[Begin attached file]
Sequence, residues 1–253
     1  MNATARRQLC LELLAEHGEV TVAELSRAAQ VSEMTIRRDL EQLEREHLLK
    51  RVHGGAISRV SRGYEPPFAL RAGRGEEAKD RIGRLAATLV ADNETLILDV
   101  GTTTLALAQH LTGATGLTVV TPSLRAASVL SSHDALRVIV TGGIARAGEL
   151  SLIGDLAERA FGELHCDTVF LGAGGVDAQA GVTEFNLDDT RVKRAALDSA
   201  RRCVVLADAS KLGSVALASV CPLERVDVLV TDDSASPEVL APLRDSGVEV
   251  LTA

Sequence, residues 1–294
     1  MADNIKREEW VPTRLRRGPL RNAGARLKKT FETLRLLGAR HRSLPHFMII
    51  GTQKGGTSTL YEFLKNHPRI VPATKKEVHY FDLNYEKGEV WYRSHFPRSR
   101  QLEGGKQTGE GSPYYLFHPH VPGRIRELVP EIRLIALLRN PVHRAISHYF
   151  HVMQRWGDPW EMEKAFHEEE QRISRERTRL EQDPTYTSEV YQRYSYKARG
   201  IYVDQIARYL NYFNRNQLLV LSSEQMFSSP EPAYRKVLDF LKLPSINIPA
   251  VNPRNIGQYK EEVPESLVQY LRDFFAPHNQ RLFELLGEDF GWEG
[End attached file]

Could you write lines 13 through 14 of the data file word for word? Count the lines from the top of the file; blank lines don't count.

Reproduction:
   201  IYVDQIARYL NYFNRNQLLV LSSEQMFSSP EPAYRKVLDF LKLPSINIPA
   251  VNPRNIGQYK EEVPESLVQY LRDFFAPHNQ RLFELLGEDF GWEG